I was in New York last week, and it’s hard to go to somebody else’s conference just before you have your own. Every minute you’re like, “I should be there. I should be here.” But it was really important to me to see Reverend Jackson introduce the President and CEO of Intel. To see him commit to spending $300 million over the next five years – $65 million a year – to create a workforce that looks like America. Not just buys America, but looks like America.

I started my column for NNPA [the National Newspaper Publishers Association], and I’ll give you the first sentence of it: This is a revolution that will not be televised. Because how many of you here heard this for the first time today? How outrageous is that? That a company steps up in the face of what is egregious numbers – no people of color on the board. There’s a company where diversity means you came from Canada. I know lots of ways of thinking of diversity, but I never thought that being Canadian would make me go, “That’s diversity at our company!” And we have to speak out about that.

I do applaud Rev. Jackson because sometimes when advocacy doesn’t work, you do have to agitate. And he is a master at agitation. But you know, in addition to making that groundbreaking announcement, Intel also announced that they will be the first Silicon Valley company to recognize Martin Luther King’s birthday as a holiday. And I believe that that was groundbreaking in and of itself because it was an acknowledgement – and can I tell you, it was so funny when he said it, I felt this – it’s not a black holiday. Again, it’s my birthday and I’m black and it comes on the same day and that’s really nice. But can I tell you, it’s not a black holiday. It’s an American holiday. He would not be who and what he was if he were not a great American. And his day is a day that stands for service.

How many holidays do we have that represent service, that represent going out and sweeping streets the way Picasso painted paintings, doing the best that you can to help somebody else, and in that, gaining meaning in your own life, always taking away more than you gave? And so when people say that they don’t celebrate it, I’m like, “But why not?” Because I can’t think of a holiday where your whole goal that day is to do something for someone else.

And so when Intel celebrates Martin Luther King’s birthday, they send a bigger message. They send a bigger message that America doesn’t just look one way, that a holiday isn’t just one thing. And so, I salute them. And yes, we will be part of the agitators, we will be part of the advocates who shame the other companies not to step up and make their workforces more reflective of the America that we live in. People need jobs in every color. And people don’t want to be pigeonholed.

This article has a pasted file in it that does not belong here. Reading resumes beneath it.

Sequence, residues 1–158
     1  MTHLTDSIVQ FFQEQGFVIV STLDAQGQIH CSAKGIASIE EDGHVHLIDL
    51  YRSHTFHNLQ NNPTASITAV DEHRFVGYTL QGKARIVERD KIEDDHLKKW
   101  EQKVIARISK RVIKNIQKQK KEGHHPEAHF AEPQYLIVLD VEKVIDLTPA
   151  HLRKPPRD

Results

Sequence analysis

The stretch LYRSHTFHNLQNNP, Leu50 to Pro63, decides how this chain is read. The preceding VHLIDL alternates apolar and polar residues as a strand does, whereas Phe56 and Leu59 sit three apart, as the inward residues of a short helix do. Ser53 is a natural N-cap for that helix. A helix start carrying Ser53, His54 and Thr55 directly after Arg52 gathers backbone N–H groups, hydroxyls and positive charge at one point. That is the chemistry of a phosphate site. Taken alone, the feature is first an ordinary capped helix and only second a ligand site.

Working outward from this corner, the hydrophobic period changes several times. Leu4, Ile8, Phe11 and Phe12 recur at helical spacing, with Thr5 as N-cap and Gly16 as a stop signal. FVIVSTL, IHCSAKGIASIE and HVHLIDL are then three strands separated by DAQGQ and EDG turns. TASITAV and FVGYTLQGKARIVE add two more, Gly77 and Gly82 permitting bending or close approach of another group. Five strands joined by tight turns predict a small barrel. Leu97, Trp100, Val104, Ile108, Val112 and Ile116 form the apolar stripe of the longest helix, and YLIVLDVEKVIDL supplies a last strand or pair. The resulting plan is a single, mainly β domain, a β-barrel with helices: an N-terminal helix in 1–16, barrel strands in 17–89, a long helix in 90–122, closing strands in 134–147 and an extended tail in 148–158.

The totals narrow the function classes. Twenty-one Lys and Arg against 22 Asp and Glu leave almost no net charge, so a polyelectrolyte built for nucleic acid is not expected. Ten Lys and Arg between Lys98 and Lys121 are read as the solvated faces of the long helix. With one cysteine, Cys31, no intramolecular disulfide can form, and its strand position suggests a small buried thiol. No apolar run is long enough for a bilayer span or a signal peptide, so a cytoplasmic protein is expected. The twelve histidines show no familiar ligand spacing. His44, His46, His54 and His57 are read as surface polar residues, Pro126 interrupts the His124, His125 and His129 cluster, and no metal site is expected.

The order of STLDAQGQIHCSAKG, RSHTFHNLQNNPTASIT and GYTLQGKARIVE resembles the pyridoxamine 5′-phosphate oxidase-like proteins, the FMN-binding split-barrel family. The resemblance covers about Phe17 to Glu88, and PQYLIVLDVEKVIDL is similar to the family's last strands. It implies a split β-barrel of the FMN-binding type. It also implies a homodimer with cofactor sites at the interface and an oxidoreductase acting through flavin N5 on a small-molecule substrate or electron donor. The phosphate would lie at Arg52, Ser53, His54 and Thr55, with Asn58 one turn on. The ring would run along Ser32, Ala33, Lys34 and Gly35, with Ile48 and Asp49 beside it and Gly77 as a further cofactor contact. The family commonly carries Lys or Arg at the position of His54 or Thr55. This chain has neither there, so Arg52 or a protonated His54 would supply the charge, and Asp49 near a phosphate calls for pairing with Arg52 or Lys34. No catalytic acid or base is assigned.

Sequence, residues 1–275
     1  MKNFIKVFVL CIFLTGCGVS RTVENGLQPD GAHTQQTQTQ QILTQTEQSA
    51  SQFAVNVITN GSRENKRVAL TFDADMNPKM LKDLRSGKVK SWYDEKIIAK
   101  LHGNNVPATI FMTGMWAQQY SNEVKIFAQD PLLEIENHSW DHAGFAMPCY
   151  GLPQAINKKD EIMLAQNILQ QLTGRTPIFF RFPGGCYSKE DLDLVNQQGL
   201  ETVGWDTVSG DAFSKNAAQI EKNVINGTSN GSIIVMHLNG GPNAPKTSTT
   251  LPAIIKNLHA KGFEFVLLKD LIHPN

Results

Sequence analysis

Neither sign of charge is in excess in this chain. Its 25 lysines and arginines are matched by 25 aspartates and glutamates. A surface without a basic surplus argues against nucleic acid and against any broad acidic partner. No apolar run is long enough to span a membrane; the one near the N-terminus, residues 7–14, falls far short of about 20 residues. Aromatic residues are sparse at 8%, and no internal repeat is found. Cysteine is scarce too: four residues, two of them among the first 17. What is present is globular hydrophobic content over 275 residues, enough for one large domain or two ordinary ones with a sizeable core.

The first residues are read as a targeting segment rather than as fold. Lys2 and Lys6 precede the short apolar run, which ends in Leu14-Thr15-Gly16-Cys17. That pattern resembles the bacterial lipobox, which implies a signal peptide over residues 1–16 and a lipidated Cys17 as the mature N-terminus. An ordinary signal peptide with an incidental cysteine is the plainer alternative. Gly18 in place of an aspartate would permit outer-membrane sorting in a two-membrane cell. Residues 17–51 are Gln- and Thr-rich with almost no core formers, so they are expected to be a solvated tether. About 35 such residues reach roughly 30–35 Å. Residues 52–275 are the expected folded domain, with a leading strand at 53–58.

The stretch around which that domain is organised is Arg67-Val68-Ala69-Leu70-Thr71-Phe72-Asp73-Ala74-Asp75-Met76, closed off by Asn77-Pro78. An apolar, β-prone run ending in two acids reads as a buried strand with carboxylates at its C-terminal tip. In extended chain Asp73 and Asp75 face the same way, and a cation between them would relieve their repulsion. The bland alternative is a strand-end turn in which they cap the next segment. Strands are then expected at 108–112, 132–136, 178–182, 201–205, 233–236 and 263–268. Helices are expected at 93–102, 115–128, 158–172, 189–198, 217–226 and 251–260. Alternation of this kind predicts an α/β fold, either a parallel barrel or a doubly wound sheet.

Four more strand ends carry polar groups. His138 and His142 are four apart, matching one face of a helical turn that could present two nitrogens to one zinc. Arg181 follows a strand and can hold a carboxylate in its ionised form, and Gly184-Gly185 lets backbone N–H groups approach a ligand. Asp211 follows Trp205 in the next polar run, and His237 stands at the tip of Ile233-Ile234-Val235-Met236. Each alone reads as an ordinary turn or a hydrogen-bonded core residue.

I was out in Silicon Valley, and I had a young Asian man say to me, “You know, we only get to mid-level because the word is that we’re not leaders.” Well, who says that? Who says that? Well, that’s what we’re telling people. If you never get past the middle, something is wrong. How is it that they can never get past the middle? And that’s what the statistics show. I guess that’s why it was so hard to get them released.

So, at MMTC we will be joining with our partners to ask this question about accountability. In fact, we are working to make what Rev. Jackson and what Intel did a tangible reality. I’m very excited about the work that’s going on in Silicon Valley, and I guess we will be more of a bicoastal organization as we work to work that out.

Third: We will continue to work for an open and accessible Internet.

Now, I want to spend a deeper moment on this because this is really important, and now that I’ve had my economics chat of the morning – I’m a lawyer, but my undergrad degree is in International Economics – and we support an open Internet built, of course, on the principles of preventing blocking, throttling, and paid prioritization, as well as offering increased transparency to consumers.

The goal is to protect an open Internet while also achieving investment, infrastructure deployment, and universal adoption for all Americans. It has been the light touch of Section 706 of the 1996 Telecommunications Act that provides this solid foundation from which to ensure open Internet while allowing some flexibility and room for the experimentation and development of services and business models as the broadband ecosystem develops.

This [Section 706] is the Bill Kennard FCC. This is the Bill Clinton Telecommunications Act. And it’s like people have forgotten all of that as they claim that organizations like ours are taking the side of ISPs. No, we’re taking the side of the legislation that created an Internet that has the capability to be even bigger and better and faster than what we have now. No, we’re not there yet, but we won’t get there if we turn around from where we were going.